Tuesday, April 20, 2010
More from the House Financial Services Hearing today on the Lehman Examiner's Report:
Treasury Secretary Tim Geithner Written Testimony before the House Financial Services Committee
Treasury Secretary Tim Geithner Opening Statement as Prepared for Delivery before the House Committee on Financial Services
The U.S. Department of the Treasury announced that it has voted its approximately 7.7 billion shares of Citigroup Inc. common stock at the Citigroup Annual Meeting held today. According to its release:
Treasury has exercised its discretionary voting power by voting only on matters that directly pertain to its responsibility under EESA to manage its investments in a manner that protects the taxpayer.
Treasury voted in favor of all 15 director nominees at the annual meeting. Since Treasury invested in Citigroup in the fall of 2008 through TARP, there has been a substantial change in the composition of the board. In the spring of 2009, when Treasury was considering whether to convert its CPP investment into common shares, Citigroup's Chairman assured Treasury that a majority of the board would be comprised of new, independent directors. Citigroup has now accomplished that task, as eight out of the fifteen directors have joined the board since that time.
Treasury also voted in favor of two Citigroup proposals that fall within its discretionary voting rights. One is to permit the company to issue common shares to settle $1.7 billion of "common stock equivalent" awards to employees in lieu of cash incentive compensation. Citigroup committed to the Federal Reserve that it would issue such shares as part of the terms under which it was permitted to repay a portion of its TARP assistance last December. The second proposal is to permit a reverse stock split which will address the fact that the company has a much larger number of shares outstanding than is necessary to ensure adequate trading liquidity.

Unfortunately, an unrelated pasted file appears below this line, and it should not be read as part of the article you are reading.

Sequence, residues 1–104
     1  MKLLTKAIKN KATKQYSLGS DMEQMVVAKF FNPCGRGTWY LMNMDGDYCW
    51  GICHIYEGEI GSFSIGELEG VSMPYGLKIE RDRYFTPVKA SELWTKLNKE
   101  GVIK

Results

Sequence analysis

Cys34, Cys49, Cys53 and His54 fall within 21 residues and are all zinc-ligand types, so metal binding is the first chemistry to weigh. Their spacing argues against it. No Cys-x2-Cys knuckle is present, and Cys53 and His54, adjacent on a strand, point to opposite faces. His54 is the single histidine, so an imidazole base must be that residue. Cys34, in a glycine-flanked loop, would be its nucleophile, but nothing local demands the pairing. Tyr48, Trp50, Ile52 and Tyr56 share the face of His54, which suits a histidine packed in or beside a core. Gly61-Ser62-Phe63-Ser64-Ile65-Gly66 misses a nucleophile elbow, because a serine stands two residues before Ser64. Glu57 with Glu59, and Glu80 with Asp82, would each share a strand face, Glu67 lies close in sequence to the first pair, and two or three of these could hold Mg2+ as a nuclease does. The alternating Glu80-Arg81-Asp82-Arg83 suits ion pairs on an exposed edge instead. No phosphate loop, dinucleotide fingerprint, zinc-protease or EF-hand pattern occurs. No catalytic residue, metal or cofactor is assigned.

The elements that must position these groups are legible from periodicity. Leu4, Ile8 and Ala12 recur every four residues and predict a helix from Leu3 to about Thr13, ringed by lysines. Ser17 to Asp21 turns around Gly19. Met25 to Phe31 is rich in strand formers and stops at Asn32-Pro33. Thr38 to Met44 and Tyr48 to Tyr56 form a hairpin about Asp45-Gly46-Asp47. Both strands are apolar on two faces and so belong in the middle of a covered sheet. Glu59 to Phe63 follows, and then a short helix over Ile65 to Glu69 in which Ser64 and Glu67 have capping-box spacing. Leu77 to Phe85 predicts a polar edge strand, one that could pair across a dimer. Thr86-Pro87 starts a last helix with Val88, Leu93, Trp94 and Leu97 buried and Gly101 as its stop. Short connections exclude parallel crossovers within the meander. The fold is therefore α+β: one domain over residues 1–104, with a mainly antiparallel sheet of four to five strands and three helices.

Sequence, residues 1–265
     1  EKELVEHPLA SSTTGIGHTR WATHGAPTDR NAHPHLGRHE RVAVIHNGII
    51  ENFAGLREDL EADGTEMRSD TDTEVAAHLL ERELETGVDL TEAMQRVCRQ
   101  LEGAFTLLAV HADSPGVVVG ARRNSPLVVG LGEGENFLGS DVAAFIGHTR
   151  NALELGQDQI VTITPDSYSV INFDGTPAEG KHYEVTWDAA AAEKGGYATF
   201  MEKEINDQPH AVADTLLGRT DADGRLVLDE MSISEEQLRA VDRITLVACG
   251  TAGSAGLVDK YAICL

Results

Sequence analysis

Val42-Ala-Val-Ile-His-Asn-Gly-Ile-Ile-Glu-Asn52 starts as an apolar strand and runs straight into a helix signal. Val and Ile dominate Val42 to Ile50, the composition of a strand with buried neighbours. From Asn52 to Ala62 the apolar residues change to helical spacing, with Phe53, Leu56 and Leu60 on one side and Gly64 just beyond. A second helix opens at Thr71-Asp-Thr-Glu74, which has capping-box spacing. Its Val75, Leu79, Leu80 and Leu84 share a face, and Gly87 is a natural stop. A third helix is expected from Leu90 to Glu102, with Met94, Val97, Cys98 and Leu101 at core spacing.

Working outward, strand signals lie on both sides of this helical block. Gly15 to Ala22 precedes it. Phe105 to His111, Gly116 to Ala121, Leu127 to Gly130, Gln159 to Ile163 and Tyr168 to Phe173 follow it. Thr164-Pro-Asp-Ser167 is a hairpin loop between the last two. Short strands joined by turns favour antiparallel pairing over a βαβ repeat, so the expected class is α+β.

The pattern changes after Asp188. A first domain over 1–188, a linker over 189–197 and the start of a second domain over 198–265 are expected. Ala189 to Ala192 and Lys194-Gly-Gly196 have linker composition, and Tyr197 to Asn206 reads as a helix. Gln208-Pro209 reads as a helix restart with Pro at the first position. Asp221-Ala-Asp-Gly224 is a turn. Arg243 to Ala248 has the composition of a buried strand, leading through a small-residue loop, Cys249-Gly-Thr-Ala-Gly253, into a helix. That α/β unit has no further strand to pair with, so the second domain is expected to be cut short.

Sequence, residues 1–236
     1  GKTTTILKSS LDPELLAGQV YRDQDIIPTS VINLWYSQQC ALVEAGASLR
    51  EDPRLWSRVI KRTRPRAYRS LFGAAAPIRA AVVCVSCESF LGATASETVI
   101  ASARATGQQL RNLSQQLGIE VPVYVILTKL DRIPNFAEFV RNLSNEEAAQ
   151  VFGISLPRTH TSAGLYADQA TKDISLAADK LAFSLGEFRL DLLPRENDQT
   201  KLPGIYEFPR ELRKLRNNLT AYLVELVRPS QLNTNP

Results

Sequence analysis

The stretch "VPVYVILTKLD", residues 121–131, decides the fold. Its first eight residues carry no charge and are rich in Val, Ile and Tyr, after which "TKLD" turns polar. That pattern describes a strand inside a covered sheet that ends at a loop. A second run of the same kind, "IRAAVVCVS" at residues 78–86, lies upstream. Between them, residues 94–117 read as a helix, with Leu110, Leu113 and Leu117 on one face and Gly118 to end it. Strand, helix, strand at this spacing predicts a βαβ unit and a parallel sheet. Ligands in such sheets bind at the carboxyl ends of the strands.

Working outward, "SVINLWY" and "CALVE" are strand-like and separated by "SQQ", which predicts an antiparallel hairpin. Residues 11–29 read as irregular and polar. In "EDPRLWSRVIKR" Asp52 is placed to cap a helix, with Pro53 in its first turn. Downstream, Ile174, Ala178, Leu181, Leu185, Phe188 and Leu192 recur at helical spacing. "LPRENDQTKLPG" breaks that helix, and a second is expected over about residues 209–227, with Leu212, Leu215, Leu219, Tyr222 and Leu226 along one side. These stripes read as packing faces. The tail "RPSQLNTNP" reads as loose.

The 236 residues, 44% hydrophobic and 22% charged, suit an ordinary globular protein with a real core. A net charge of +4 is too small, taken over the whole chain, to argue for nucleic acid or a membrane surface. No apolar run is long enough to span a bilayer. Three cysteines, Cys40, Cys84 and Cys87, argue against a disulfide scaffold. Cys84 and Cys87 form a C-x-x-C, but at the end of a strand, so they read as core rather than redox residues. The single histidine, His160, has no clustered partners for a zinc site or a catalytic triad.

Treasury voted its shares proportionately with respect to all other issues on the ballot. These included two proposals to amend the charter and by-laws on matters of broader corporate governance. These proposals raise important issues of corporate governance that deserve careful consideration as a matter of public policy. Indeed, the Securities and Exchange Commission has promulgated a rule on proxy access and Treasury has expressed and will continue to express its views on many issues of corporate governance in connection with regulatory reform. However, Treasury believes that it would be inappropriate to use its power as a shareholder to advance a position on matters of public policy and believes such issues should be decided by Congress, the SEC or through other proper governmental forums in a manner that applies generally to companies. For this reason, and because voting on such matters was not necessary in order to fulfill its EESA responsibilities, Treasury refrained from exercising a discretionary vote.
Treasury also voted proportionately on the "say on pay" resolution, under which shareholders may cast an advisory vote as to whether they approve of Citigroup's 2009 executive compensation. The Treasury strongly supports the concept that shareholders should have the ability to vote on executive compensation, and included the "say on pay" requirement in its regulatory reform legislative proposal. Treasury has the responsibility to oversee compensation for the highest paid employees at companies that received exceptional assistance under TARP, and the Office of the Special Master set the compensation (or the compensation structures) for the highest-paid 100 employees of Citigroup in 2009. Treasury's proportional vote enabled other Citigroup shareholders to have a more meaningful opportunity to vote on the say on pay resolution. Executive compensation matters are also outside of the core areas on which Treasury retained discretionary voting rights.
Testimony Concerning the Lehman Brothers Examiner's Report, by SEC Chairman Mary L. Schapiro Before the House Financial Services Committee, April 20, 2010